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Sudan Expert Says Yasir Arman's Withdrawal from Election Significant

Leading candidates in Sudan's first multiparty presidential election, from left, Yasir Arman, Omar al-Beshir and Sadiq al-Mahdi (file photos)

Fouad Hikmat of the International Crisis Group says Arman was seen as one of the candidates who would compete with President Bashir

A key presidential candidate in Sudan’s upcoming elections has reportedly withdrawn from the race.

Officials from the former rebel group, the Sudan People's Liberation Movement (SPLM), said late Wednesday that their candidate, Yasir Arman, pulled out of the election because of electoral irregularities and continued conflict in Darfur.

Fouad Hikmat, special advisor on Sudan for the International Crisis Group said Arman’s withdrawal is significant because he was seen as one of the favorites to compete with incumbent President Omar al-Bashir in the April 11 elections.

“It is a very significant news that the SPLM, considered as one of the main contenders in the election, especially their candidate for the presidency withdraws from the contestation. And I am sure this is being done in the context of how to stabilize the political conflict in Sudan so that the CPA (Comprehensive Peace Agreement) to continue to pass the election to reach the referendum,” he said.

While saying that its presidential candidate was withdrawing from the race, the SPLM however said it would present candidates for regional and legislative elections.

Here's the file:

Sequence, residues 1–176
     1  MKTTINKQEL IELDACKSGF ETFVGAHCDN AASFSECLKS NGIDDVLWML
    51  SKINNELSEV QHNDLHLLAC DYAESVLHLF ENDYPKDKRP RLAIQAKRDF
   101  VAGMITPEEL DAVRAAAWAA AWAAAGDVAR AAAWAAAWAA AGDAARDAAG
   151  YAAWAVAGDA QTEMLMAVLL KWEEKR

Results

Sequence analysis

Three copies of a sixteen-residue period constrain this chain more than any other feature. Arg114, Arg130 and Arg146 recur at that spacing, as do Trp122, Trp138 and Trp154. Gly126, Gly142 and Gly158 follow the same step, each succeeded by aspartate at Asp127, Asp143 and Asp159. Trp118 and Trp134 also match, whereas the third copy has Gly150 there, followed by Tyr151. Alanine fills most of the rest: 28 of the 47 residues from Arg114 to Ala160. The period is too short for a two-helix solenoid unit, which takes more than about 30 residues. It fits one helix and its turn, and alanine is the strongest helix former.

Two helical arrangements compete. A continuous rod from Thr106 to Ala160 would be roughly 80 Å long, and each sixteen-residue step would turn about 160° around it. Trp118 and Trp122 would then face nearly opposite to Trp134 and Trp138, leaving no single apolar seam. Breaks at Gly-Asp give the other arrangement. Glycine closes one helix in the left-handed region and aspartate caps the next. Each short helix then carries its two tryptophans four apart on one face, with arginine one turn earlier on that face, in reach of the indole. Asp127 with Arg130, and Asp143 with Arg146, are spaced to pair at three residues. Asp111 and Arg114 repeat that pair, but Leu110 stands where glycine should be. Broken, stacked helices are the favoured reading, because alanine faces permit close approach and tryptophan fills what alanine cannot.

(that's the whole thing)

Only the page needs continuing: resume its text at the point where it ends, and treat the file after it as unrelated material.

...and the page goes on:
Hikmat also described the SPLM move as significant because he said the legislature in the new government after the elections would be extremely important.

Map of Northern and Southern Sudan
Map of Northern and Southern Sudan

“The newly elected legislature has got a couple of very important functions. One is that it will manage the implementation of the provisions that will lead to the referendum, and at the same time it will look into the legal framework and the parameters given that the Comprehensive Peace Agreement is going to cease and the interim national constitution is going to cease by July 2011,” Hikmat said.

In a joint statement Wednesday, the United States, Britain and Norway voiced concern about restrictions on political freedoms in the lead up to the Sudanese elections.

Hikmat said the withdrawal of Yasir Arman should not come as a surprise to the international community.

“No, I don’t think it came as a surprise because as you know in December the National Congress Party made a very clear point to the SPLM to withdraw Yasir Arman because they think that the contestation of Yasir Arman in the presidency might jeopardize the implementation of the Comprehensive Peace Agreement,” Hikmat said.

The International Crisis Group in a new report Tuesday accused Sudan’s ruling National Congress Party of trying to rig the April elections in the troubled Darfur region.

Hikmat said the report emphasized that the legal environment for free and fair elections does not exist in Sudan.

“This report is an update of a previous one which argued that the pre-elections preparation prevailing today in Darfur does not constitute an environment for a fair and free election that will bring about a sustainable solution to the Darfur problem,” Hikmat said.